Is your company a New Jersey Smart Workplace? Do you go the extra mile to help your employees get to work? Do you sponsor programs that help reduce traffic and improve air quality? Do you offer high-quality commuter benefits, such as transit information, traffic alerts, free or low cost bus passes, strong telecommuting programs, carpooling matching, vanpool subsidies, or other services? Do you reward employees who walk or bike to work?

If you provide any of these opportunities, the answer might be yes. And if so, the Greater Mercer TMA encourages you to apply for the New Jersey Smart Workplaces program — click here for the online registration.

New Jersey Smart Workplaces (NJSW) recognizes and honors organizations and individuals who help reduce traffic congestion and improve air quality by providing commuter benefits to employees. Employers are recognized at one of four levels of achievement: bronze, silver, gold or platinum based upon the programs offered at the worksite. The program is a voluntary partnership of participating employers, the North Jersey Transportation Planning Association and the state’s Transportation Management Associations (TMAs). Greater Mercer TMA is the program’s coordinator in Mercer and Ocean counties.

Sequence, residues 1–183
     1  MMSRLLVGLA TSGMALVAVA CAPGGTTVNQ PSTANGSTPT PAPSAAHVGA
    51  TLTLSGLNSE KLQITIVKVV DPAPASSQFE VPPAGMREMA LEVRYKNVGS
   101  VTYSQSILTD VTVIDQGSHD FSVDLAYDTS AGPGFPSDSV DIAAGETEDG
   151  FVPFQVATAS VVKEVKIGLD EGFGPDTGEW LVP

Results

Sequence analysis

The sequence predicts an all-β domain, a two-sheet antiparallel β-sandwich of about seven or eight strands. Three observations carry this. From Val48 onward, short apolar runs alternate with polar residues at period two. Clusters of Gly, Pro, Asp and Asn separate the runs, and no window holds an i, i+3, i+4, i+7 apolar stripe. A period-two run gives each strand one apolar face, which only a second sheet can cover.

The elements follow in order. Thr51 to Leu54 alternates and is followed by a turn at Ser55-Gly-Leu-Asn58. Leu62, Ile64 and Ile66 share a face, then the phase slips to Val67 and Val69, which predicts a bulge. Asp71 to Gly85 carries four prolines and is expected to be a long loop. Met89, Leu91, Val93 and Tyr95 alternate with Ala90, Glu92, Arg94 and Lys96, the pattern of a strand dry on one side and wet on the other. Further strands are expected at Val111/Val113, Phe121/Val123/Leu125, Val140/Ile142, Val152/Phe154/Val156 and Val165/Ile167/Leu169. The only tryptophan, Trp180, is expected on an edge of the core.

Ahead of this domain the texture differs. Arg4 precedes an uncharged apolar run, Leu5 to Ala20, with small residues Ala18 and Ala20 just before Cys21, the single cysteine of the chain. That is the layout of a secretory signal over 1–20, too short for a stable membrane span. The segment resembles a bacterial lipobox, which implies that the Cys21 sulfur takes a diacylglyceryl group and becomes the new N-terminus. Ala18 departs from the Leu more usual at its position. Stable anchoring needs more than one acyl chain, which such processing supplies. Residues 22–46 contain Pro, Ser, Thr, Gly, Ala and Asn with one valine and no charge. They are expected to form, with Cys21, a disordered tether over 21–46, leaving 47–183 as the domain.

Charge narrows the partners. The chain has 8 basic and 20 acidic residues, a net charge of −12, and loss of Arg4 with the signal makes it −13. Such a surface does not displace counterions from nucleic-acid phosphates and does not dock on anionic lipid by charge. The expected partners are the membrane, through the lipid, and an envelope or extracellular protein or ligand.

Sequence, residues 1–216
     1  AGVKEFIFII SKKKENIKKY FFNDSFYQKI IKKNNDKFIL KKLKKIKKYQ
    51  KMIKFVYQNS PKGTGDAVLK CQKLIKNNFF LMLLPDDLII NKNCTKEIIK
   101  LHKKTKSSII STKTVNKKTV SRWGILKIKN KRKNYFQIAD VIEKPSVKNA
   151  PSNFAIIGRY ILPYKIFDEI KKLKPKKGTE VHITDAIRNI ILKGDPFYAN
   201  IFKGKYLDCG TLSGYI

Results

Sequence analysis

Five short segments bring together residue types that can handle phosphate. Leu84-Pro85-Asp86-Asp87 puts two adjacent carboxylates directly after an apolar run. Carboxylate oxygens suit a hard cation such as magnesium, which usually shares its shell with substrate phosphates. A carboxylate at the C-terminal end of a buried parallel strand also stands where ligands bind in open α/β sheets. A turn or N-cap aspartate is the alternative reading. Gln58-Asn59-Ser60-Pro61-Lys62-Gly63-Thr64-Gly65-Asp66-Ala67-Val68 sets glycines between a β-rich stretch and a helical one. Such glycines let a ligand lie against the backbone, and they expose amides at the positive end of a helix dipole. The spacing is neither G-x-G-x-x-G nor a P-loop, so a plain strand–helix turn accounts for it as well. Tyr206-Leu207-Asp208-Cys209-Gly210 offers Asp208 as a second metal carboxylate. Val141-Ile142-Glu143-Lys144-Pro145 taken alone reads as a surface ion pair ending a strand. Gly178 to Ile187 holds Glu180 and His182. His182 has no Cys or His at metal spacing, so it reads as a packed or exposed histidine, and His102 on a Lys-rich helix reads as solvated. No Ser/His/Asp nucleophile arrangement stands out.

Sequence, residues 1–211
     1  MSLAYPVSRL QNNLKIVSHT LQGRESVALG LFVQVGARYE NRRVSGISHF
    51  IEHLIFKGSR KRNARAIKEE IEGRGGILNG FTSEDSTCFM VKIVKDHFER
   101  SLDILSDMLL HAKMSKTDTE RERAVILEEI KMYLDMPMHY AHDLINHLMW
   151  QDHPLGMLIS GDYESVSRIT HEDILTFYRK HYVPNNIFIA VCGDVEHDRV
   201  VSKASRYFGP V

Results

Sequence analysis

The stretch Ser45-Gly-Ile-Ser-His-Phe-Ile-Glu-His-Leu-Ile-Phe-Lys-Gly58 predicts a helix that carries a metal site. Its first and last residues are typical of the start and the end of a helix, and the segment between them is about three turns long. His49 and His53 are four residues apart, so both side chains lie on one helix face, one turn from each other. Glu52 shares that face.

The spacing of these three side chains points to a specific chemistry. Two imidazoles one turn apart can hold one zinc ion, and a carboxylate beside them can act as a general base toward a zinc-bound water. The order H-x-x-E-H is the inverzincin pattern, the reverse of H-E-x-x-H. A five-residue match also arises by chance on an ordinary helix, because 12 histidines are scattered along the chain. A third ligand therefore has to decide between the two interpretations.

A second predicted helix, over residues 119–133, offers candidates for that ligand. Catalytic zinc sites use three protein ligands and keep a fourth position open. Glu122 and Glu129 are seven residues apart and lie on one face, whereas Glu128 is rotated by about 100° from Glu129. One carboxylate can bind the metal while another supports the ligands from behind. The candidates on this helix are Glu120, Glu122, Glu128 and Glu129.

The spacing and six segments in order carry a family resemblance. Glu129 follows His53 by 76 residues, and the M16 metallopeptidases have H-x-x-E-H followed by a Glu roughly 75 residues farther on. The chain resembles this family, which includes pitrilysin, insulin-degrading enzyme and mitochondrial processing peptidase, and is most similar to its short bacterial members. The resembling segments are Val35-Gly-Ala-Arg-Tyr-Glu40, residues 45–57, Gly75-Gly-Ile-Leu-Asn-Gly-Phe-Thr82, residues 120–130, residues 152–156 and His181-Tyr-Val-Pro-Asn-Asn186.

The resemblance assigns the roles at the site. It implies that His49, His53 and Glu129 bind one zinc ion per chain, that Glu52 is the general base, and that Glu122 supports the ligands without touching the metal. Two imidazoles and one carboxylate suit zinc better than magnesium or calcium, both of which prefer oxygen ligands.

Smart Workplace winners will receive awards at GMTMA’s Annual Luncheon on Friday October 19th at the Nassau Inn in downtown Princeton.

For more information on the program contact Aly Dyson at adyson@gmtma.org.

See our list of 2011 Awardees.

 

Commuting Games

7 Aug

What do you think about reducing traffic congestion by offering credits for people who travel outside of the main commuting time, and then letting them redeem those credits for a chance to play an online game for cash prizes? That’s the idea a Stanford professor has to relieve traffic, based on the idea that people like incentives more than penalties. Of course, congestion pricing has been in effect in many places for a long time, but that imposes penalties for driving during high-peak times.

What do you think? Would you participate in a program like this to change your driving habits? Maybe it would help with the rush-hour standstill on Route 1!

 

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Morning rush hour traffic on Rt.1 at the Washington St. jughandle in West Windsor, New Jersey on the morning of Wednesday, August 1, 2012. The New Jersey Department of Transportation will start a trial program to ease congestion on Route 1 by restricting left turns and U-turns on Route 1 at Washington Road and Harrison Street in West Windsor, Mercer County. Michael Mancuso/The Times